Why you must start a business

Your Choice: Start a Business, or Fail at Personal Freedom

Let’s assume you like money, and living well, and also having time to do what you want to do.

Fair? I think I’ve cast a wide net.

Pretty much everyone wants this. We all want to live the 4 hour workweek, but the mechanics of what he describes in the book are heavily dependent on getting paid for results, not your time.

Which doesn’t fit most “jobs” i.e. typical employer relationships.

For that reason, you have only a few choices as I see it:

  1. Be born wealthy. Statistically speaking, there’s a 99% chance this is not your lot in life.
  2. Work in “Service Asymmetry”, i.e. pro athlete, movie star, very popular musician, in which millions or billions consume your product and thus you get paid very handsomely, can have a very short career and amass wealth quickly. Statistically, most people won’t succeed (or even try) at this. Most pro athletes end up broke anyway due to spending habits.
  3. Rapid asset accumulation, combined with high ROI, relative to your standard of living. If you live super cheap, make $130k/yr, save $70k/yr after taxes, then you could retire after just a few years… this doesn’t work if you make $60k, save $10k/yr – it simply follows the conventional gold watch plan (retire after 35 – 40 yrs of work). Statistically, most people won’t earn this kind of income AND keep their expenses low enough to make this work- $130k/yr is good income, but most people’s lifestyle pretty quickly rises to match as they follow the house / mortgage / kid / car pattern. Your goal here is your passive residual income exceeding your lifestyle expenses (burn rate liftoff – i.e. making $10k/mo/net rental income or investment yield with expenses < $10k/mo)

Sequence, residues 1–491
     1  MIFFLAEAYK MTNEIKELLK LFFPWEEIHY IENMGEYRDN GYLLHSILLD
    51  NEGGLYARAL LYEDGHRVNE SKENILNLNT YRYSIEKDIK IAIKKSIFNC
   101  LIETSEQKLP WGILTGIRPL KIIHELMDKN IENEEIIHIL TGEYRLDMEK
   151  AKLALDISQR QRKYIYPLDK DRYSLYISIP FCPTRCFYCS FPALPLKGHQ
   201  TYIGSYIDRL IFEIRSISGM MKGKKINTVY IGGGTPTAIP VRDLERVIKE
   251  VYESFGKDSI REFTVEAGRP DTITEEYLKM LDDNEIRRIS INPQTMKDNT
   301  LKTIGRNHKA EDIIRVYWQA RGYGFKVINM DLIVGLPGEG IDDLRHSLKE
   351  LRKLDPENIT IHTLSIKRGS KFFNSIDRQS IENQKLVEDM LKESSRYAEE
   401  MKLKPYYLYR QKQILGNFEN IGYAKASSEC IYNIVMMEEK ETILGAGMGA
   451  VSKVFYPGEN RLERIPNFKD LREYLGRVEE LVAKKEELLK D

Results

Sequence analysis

4. Build a business and be successful at it. That 2nd one is a kicker, but if you have a day job wherein you get paid for time, this seems to be your only logical choice as I see it. Am I wrong? Comment below. Fortunately, the internet has created as many opportunities as hazards, and turbulent times favor upstarts not incumbents. Easier said than done, I know, but fortunately, new ways of thinking about this can drastically lower your risk and cost to get moving – i.e. the lean startup or pivoting from service to product.
  5. Redefine your employer relationship to get paid for metrics and results, not your time. For some, this will work – sales professionals for example, but for the majority, their job descriptions are probably too complex for their employer to actually accept this. Besides, automation favors the business owner, not you, so over time, they get more results for less of your time, and can then load you up with more tasks – so like it or hate it, the business owner has a financial incentive for you to stay hourly in most cases, then systematically optimize your workflows (while they reap the benefits, not you).

When just a child I loved robots.

I was born in ’75, so the early 80’s was a time of industrial automation, and fears over automaking robotics, bold claims for the future, and Tang. The inevitable future to my 8 year old logic was that some employer would own a fully robotic factory, and get all the money, while paying fewer and fewer employees. The first plant to go fully robotic would enjoy wider profit margins, affording more robots, outspending on R&D + advertising, and ultimately make the best company and dominate the market.

I was an odd kid. But am I wrong?

The market domination would then lead to an arms race, in which most of the humans would get displaced by the most cost-efficient production method, and while price competition would thin margins over time, the damage would already be done to the workforce.

So this is our world, like it or not. The real question becomes then, what side do you want to be on?

If you can’t beat ’em, join ’em. So I became a robot.

Ok, so that’s a joke for my wife – but I did side with employers and had similar concerns over the classic labor vs. capital power struggle (summed up nicely by friend Max: “What struggle? Capital won.”), which is why I’ve always bootstrapped. The good news: there’s never been a better time to bootstrap and start a business part time on the side, then grow the income to replace your day job – so you truly can live the 4 hour workweek if you choose.

Published by

Roger Vaughn

RogerV is the CEO and founder of SwiftCloud, a social business platform for CRM, marketing, accounting and more. He lives in Los Angeles, and wears many hats - including CEO, father, UI/UX dev, coder, staff coffee delivery man, and whatever else it takes to move the needle.

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